Clifford L. Wilcox
Clifford Wilcox was born on April 15, 1925 in Archer, Idaho. He grew up on a small farm with seven siblings and graduated from Big Spring High School (ID) in 1943. He received a deferment from being drafted to serve in WWII but later volunteered for the Army in 1946. His early service in the Army included time in Japan working as a heavy equipment operator. Utilizing the GI Bill, he graduated from Utah State University in 1949 with a degree in Dairy Husbandry. He was called to duty in Korea in January 1952 as part of the 987 Field Artillery Battalion. Stationed near the 38th parallel, he served as a forward observer for artillery. After the war, he earned an advanced degree from University of Minnesota Agriculture College and raised a family. He revisited Korea in 2010. Today, he lives in southern Utah.
A Great Discovery
Clifford Wilcox talks about experiencing cold nights while on duty as a forward observer. He stayed in a cave and froze for about two nights. He quickly discovering the ancient Korean way of heating a home.
Religion on The Front Lines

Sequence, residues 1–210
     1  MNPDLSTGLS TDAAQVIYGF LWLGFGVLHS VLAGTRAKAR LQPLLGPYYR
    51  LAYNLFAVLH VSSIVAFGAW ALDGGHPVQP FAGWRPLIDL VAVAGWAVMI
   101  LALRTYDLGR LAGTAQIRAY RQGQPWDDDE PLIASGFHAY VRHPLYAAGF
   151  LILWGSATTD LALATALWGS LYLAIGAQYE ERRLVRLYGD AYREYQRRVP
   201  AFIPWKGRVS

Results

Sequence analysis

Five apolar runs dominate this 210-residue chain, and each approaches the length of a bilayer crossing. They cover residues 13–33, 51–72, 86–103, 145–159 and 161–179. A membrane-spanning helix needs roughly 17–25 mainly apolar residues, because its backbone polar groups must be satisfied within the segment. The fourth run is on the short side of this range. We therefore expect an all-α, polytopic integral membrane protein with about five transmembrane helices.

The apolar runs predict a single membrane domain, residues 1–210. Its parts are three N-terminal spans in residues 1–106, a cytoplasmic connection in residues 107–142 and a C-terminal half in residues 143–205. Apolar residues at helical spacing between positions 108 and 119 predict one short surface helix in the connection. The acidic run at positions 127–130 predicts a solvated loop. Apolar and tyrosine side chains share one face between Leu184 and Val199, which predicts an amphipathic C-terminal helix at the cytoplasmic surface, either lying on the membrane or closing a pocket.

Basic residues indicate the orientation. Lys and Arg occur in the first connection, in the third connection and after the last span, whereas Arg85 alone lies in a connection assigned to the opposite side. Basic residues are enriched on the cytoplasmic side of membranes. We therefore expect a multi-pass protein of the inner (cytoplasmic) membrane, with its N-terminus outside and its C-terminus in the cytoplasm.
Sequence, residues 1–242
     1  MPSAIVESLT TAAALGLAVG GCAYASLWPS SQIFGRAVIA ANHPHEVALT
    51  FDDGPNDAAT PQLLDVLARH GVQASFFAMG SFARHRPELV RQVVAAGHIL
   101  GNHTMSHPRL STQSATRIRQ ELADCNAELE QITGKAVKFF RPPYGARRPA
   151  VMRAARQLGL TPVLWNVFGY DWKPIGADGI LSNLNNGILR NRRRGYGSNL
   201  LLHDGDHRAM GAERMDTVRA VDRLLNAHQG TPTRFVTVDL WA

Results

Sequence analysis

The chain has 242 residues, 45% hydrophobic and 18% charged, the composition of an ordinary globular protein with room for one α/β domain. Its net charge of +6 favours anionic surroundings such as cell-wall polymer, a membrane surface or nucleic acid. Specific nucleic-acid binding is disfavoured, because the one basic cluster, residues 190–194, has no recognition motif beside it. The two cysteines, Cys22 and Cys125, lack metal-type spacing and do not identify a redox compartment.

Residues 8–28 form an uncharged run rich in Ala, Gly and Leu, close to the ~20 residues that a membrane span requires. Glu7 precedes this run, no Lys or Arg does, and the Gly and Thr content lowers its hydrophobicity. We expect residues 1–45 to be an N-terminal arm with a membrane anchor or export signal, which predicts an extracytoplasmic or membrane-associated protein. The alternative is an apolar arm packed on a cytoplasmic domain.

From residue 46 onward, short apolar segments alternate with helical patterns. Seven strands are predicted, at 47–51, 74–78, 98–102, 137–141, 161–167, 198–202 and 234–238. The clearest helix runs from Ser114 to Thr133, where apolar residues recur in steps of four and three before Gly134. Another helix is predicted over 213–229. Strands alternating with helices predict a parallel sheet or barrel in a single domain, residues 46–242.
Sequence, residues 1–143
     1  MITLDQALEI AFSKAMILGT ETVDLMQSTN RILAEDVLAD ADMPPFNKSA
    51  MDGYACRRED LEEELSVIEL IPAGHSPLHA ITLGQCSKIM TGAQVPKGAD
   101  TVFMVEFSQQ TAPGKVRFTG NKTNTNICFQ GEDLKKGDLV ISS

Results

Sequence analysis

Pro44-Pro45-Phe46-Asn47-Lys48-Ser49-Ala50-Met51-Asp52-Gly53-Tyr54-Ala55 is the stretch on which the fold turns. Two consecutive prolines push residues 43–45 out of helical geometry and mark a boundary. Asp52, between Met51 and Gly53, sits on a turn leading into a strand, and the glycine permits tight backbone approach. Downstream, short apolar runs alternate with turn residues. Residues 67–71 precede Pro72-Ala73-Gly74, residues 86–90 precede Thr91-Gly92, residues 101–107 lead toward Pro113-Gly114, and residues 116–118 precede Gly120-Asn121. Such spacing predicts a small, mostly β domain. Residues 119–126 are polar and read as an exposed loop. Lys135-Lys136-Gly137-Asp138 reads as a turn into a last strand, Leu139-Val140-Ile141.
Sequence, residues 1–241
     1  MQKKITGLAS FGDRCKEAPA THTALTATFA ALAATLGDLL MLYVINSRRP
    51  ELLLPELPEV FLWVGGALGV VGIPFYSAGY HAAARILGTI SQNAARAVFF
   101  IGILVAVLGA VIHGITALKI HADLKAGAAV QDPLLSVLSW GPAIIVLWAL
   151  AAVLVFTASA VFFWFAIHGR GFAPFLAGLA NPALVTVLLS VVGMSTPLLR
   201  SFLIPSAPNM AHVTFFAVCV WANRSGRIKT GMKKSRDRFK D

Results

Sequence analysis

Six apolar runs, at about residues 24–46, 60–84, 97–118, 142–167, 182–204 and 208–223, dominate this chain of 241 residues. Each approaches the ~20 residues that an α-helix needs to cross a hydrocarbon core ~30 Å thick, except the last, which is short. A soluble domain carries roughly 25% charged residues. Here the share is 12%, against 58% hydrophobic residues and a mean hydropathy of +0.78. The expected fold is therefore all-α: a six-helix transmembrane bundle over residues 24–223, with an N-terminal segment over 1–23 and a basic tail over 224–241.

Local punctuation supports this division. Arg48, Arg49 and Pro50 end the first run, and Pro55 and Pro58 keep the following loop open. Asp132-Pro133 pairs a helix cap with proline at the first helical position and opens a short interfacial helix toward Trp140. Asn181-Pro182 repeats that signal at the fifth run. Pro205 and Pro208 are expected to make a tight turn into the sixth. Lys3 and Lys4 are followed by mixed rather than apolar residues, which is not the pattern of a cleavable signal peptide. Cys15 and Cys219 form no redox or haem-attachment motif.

Clifford Wilcox talks about religion as a soldier on the front lines. He had to rely on prayer to persevere. He also details a priest who didn't want to be there during a monsoon.
A Close Call
Clifford Wilcox describes a time when on duty as a forward observer, an enemy shell exploded in front of his foxhole. He was lucky that the shell fired right over his head, missing him. Thankfully, he was covered with dirt with no shrapnel.
The Worst Day of My Life
Clifford Wilcox describes the day he left home for Korea as being the worst day of his life. He had to leave behind his wife and a newborn baby boy. He also just had a new house, car, and job. He describes his wife's experience waiting by the window for him, yearning for her husband to return home.
I Was Not Near as Happy as I Thought I'd Be
Clifford Wilcox talks about feeling bittersweet leaving Korea in 1953. He enjoyed the purpose of his service as well as his fellow soldiers. It was hard for him to say goodbye to the soldiers he served with, waving farewell to them.
One of The Greatest Experiences
Clifford Wilcox talks about the remarkable contrast between the Korea he saw during the war and the Korea he saw and experienced while revisiting in 2010. When he first arrived, he saw extreme poverty and destruction. In 2010, his experience was first class, seeing South Korea's progress.
Why Do Veterans Not Talk About Their Experiences?
Clifford Wilcox discusses the reasons he think veterans do not talk about their experiences in war. He mentions the killings, prisoner of war experiences, as well as wounds inflicted. Although he understands this, he feels differently wanting to share his experiences in the Korean War.